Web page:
Population Matters

The Supreme Court thinks it is 1964, not 2014

July 1st, 2014

In 1965 the Supreme Court ruled in Griswold v. Connecticut that married women could legally use birth control. Yesterday, 49 years later, the Supreme Court ruled that your boss’ religious views could trump your own beliefs and prevent you from accessing affordable contraception. It is nearly impossible for me to wrap my head around the idea that in 2014 women are still fighting for the right to access affordable contraception.

Contraception is basic health care for women. Not only does birth control allow women to plan when and if they get pregnant, thus preventing unintended pregnancies and reducing the need for abortion, it is treatment for a number of medical conditions. According to the Guttmacher Institute 62% of all women of reproductive age are currently using a method of contraception and 99% of women of reproductive age who have ever had sex have used a method of contraception.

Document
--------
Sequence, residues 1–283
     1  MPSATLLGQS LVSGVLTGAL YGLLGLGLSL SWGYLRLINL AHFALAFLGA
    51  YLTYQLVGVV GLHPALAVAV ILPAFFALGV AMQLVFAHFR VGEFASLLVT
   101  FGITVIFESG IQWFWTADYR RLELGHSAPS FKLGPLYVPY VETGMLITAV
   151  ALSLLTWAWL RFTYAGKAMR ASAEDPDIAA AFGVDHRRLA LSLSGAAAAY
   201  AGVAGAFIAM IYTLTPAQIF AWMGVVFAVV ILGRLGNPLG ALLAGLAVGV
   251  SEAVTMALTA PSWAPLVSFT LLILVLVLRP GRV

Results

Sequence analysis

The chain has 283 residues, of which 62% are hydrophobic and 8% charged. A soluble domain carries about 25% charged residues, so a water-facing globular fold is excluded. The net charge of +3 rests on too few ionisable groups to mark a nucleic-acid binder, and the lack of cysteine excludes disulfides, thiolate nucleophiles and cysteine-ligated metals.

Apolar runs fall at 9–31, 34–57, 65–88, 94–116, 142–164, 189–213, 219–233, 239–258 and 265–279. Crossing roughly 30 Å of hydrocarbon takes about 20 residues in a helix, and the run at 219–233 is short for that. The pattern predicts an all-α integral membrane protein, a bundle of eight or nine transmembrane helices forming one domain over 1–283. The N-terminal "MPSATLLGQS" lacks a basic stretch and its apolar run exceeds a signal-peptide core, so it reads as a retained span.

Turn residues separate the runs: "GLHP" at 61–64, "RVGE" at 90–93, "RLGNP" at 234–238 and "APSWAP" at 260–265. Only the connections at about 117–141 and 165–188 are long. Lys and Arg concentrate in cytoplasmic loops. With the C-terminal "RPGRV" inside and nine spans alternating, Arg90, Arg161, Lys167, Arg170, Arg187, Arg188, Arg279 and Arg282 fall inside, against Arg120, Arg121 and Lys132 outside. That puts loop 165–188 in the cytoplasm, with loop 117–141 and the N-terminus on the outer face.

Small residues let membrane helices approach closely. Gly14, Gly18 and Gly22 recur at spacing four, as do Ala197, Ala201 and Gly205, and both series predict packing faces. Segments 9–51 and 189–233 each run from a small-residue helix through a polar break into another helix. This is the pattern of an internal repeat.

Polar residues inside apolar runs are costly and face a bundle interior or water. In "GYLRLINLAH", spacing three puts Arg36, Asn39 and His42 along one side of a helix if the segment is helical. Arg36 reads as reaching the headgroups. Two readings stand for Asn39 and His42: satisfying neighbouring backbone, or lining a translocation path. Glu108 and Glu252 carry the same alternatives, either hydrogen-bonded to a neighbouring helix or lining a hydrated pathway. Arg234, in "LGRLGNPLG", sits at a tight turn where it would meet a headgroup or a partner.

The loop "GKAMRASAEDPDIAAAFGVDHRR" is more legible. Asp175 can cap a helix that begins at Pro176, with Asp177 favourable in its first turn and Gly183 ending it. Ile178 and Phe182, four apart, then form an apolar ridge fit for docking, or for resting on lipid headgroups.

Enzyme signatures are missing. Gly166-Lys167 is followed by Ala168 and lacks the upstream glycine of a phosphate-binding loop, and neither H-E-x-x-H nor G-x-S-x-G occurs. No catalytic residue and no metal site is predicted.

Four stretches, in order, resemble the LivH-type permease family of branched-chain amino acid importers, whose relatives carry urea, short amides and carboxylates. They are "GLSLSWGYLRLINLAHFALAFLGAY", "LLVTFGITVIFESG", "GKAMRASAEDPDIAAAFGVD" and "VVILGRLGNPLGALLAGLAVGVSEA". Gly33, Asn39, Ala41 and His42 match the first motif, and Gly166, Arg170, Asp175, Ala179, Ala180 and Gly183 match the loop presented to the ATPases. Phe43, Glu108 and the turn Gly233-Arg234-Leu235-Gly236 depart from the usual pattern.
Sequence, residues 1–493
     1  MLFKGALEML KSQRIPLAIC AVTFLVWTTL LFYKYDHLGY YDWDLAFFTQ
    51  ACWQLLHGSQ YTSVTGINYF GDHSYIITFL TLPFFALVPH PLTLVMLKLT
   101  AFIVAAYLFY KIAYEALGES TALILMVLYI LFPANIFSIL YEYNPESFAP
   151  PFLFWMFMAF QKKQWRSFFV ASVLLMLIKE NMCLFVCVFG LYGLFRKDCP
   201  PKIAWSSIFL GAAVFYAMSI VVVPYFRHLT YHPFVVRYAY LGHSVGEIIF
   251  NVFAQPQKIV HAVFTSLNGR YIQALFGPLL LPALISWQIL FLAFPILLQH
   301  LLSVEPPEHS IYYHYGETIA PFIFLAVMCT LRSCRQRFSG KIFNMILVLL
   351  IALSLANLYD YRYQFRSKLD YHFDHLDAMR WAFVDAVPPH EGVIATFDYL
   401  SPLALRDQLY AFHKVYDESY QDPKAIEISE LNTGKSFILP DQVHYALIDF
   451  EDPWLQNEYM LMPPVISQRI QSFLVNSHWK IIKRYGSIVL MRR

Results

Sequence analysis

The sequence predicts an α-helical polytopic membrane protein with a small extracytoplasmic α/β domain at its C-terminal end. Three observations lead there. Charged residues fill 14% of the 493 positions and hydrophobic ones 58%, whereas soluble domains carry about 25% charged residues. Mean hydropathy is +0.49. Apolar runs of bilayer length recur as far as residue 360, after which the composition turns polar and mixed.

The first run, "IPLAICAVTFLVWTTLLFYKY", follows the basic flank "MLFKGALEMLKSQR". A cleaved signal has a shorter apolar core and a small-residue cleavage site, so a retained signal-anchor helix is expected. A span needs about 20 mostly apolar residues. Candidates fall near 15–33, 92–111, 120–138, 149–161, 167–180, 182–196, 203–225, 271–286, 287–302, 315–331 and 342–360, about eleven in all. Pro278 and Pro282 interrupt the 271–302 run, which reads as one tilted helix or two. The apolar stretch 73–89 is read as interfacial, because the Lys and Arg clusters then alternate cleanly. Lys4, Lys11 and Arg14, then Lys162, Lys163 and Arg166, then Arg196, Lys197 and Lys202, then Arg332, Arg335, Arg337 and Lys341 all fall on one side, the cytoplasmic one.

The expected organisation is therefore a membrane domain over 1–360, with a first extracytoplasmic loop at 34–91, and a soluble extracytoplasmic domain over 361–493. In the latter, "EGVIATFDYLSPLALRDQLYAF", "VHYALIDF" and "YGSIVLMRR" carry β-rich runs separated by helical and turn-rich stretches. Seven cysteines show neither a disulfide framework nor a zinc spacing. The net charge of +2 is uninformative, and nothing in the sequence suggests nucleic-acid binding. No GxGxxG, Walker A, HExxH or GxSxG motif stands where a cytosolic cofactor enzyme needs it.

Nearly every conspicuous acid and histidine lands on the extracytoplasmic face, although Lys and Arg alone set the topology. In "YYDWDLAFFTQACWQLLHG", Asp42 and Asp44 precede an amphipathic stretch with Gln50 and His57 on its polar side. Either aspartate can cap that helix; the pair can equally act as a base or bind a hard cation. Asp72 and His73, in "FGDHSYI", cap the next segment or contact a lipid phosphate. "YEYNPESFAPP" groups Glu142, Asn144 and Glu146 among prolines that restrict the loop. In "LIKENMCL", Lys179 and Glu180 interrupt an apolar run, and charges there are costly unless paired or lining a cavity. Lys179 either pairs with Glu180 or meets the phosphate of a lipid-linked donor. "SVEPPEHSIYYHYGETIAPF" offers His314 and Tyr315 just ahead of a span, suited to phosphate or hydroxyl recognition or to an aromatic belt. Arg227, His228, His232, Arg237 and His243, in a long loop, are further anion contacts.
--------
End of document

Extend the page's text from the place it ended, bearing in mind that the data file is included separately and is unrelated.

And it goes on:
When the Institute of Medicine was making its recommendations for what should be classified as preventative services, and thus available without a co-pay, it recognized that cost can be a barrier. This is particularly true with the IUD, which is the one of the most effective types of birth control, but not widely used in the United States for a number of reasons, cost among them. However, research has shown that when cost and lack of information are not a consideration women are much more likely to use a more effective method like an IUD or implant.

By allowing bosses to impose their religious beliefs on their employees fewer women will consistently use birth control and fewer will choose the most effective method, a concern that was raised in Justice Ginsburg’s dissent.

“It bears note…that the cost of an IUD is nearly equivalent to a month’s full time pay for workers earning the minimum wage…Working for Hobby Lobby…should not deprive employees of the preventative care available to workers at the shop next door.”—Justice Ginsburg

Unfortunately for any woman affected by yesterday’s decision, there will now be one more person in the doctor’s room with her when she chooses a contraceptive method… her boss.

Posted by Jennie Wetter, Director of Public Policy

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